A discount clothing store chain has a tagline, "An educated consumer is our best customer." That motto should be adopted by mail operations managers everywhere.
Educating your customers will provide many benefits. Files will be formatted properly. Mailpiece design will meet U.S. Postal Service automation standards. People will know when and where their mail will be delivered. You'll spend less time solving customer problems and more time delivering quality service.
Customer education can take several forms, whether you're an internal operation or an external service provider. Newsletters, e-mails, articles and classes are all effective methods. It's important to consider the needs of your customers and the best way to communicate with them.
For internal operations, begin education with new employees. Provide an insert for the new employee packets with a list of service locations, hours and policies. Better yet, present a class at orientation.
Follow up with articles in the company newsletter or send flyers to all employees. For topics, look at the most frequent issues bad addresses, no mail stops on inbound mail, missing information on work orders and explain how to avoid problems. Focus on seasonal concerns, for example, the policy about personal packages being delivered to the workplace during the holidays.
Offer updated classes for all employees on a regular basis. Most people don't work with mail every day, so they may forget past lessons. Create a class schedule that's convenient for employees to attend. Demonstrate to management how the classes help the company save money.
For example, you could develop an address standardization class for customer service representatives (CSRs). At Northeast Utilities in Connecticut, they did exactly that. Ian Giaver, customer service manager, and Tom Newton, Corporate Document Services, put together a class for new and existing CSRs. The training explained how an address should be formatted and why the format was so important. The classes also described how correct address information can help customers with billing issues. Giaver follows up with occasional e-mails to all CSRs, including reminders about good addresses.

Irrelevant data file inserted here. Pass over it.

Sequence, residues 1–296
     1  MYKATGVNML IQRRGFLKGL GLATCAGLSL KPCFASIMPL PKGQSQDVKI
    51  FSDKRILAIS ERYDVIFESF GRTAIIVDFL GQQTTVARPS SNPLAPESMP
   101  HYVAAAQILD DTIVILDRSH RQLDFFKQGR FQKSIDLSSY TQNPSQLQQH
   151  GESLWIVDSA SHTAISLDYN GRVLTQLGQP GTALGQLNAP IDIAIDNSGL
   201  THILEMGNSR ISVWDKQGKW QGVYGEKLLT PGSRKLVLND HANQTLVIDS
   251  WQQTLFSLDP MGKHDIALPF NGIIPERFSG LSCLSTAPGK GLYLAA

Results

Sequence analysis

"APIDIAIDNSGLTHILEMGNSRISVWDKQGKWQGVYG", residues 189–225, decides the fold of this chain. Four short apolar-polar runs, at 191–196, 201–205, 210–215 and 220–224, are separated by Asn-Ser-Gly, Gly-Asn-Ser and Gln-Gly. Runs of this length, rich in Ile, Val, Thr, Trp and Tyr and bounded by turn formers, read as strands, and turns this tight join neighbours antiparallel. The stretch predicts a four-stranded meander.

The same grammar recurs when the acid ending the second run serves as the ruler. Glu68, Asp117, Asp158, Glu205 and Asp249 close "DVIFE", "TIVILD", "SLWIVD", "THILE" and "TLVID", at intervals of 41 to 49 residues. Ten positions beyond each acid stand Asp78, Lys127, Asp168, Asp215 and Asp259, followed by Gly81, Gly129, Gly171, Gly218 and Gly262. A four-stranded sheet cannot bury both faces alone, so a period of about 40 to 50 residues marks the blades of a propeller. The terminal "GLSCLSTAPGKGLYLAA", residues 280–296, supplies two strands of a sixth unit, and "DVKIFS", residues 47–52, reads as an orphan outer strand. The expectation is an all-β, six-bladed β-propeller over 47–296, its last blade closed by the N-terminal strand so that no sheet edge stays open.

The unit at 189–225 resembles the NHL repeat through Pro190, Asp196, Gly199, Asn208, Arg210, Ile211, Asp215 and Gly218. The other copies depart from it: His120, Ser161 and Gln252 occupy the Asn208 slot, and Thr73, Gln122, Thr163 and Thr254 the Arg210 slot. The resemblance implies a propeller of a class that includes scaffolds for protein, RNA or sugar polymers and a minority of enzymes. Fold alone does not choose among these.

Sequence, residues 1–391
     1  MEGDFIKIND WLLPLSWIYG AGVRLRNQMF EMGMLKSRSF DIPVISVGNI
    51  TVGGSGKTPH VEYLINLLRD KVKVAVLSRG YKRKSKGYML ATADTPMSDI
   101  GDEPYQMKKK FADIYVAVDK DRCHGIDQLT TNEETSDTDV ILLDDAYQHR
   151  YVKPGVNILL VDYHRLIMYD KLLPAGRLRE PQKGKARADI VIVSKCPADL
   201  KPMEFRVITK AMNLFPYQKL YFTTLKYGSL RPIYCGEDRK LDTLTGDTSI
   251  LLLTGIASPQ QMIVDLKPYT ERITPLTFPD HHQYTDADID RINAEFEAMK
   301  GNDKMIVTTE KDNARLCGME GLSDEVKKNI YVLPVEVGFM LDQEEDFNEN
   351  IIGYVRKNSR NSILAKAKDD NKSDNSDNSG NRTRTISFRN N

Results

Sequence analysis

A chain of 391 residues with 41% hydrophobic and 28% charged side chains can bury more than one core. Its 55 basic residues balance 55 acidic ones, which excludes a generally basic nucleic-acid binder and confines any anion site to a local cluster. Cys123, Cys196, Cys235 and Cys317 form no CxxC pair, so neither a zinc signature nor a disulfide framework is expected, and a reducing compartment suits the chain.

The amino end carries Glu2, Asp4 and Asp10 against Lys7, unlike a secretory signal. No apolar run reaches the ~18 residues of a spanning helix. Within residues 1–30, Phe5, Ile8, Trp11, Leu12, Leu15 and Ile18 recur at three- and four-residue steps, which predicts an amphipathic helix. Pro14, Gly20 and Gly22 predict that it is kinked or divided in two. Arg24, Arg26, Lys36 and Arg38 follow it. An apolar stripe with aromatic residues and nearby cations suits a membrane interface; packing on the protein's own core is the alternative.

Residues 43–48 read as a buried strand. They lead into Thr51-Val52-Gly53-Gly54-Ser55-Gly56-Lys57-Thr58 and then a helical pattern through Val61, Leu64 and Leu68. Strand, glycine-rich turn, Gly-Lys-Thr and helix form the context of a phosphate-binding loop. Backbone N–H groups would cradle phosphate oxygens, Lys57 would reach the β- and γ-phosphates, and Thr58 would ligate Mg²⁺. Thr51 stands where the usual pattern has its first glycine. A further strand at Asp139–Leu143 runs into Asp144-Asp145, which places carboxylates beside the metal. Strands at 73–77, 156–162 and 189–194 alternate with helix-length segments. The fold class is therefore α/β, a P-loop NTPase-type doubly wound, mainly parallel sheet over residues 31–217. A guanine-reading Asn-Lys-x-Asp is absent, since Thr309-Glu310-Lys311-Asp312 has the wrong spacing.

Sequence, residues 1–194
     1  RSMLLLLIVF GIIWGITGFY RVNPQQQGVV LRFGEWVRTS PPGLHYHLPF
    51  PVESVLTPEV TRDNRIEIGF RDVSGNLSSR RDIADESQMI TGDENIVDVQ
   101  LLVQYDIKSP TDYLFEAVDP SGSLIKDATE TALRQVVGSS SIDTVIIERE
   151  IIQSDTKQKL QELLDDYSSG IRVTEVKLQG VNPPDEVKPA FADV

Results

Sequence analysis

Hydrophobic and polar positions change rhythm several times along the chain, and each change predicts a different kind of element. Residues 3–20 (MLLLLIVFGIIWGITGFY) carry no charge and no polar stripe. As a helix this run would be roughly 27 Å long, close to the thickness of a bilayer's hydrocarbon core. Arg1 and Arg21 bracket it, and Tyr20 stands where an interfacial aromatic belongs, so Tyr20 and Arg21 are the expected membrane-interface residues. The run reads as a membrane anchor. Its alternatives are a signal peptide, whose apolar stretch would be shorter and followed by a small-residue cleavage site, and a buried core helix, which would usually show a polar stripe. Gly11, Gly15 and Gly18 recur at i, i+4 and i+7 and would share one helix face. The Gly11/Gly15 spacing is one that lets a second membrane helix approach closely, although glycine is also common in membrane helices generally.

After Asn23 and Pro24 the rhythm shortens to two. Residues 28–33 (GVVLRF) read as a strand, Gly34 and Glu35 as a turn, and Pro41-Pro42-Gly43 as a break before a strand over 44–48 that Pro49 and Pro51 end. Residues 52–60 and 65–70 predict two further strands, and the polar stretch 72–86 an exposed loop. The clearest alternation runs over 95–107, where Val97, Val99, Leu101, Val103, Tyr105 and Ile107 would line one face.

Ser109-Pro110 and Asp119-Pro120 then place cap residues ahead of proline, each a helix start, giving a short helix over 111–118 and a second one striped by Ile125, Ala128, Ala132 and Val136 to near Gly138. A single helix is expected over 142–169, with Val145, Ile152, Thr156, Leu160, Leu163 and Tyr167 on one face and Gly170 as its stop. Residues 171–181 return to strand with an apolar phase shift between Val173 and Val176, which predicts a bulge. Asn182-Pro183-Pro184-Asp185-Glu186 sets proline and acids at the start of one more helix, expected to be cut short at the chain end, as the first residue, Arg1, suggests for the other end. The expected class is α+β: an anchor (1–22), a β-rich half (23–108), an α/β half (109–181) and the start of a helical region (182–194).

The result a fundamental change in attitude and considerable financial savings. Before the training, addressing was not considered important by the CSRs. Now, the CSRs take pride in finding and correcting address errors. When they see an issue that may affect an entire street or apartment complex, the CSRs bring it to the attention of their managers. Qualification rates have increased and return mail has decreased significantly.
(Note: The USPS was so impressed with the company's success that they asked Tom Newton to share his story at the National Postal Forum in Washington, DC.)
Fulfillment houses and service bureaus can also benefit from educating their customers. Companies expect more from their vendors than just low prices, they expect the vendor to add value to the product or process. And training is a great way to add value.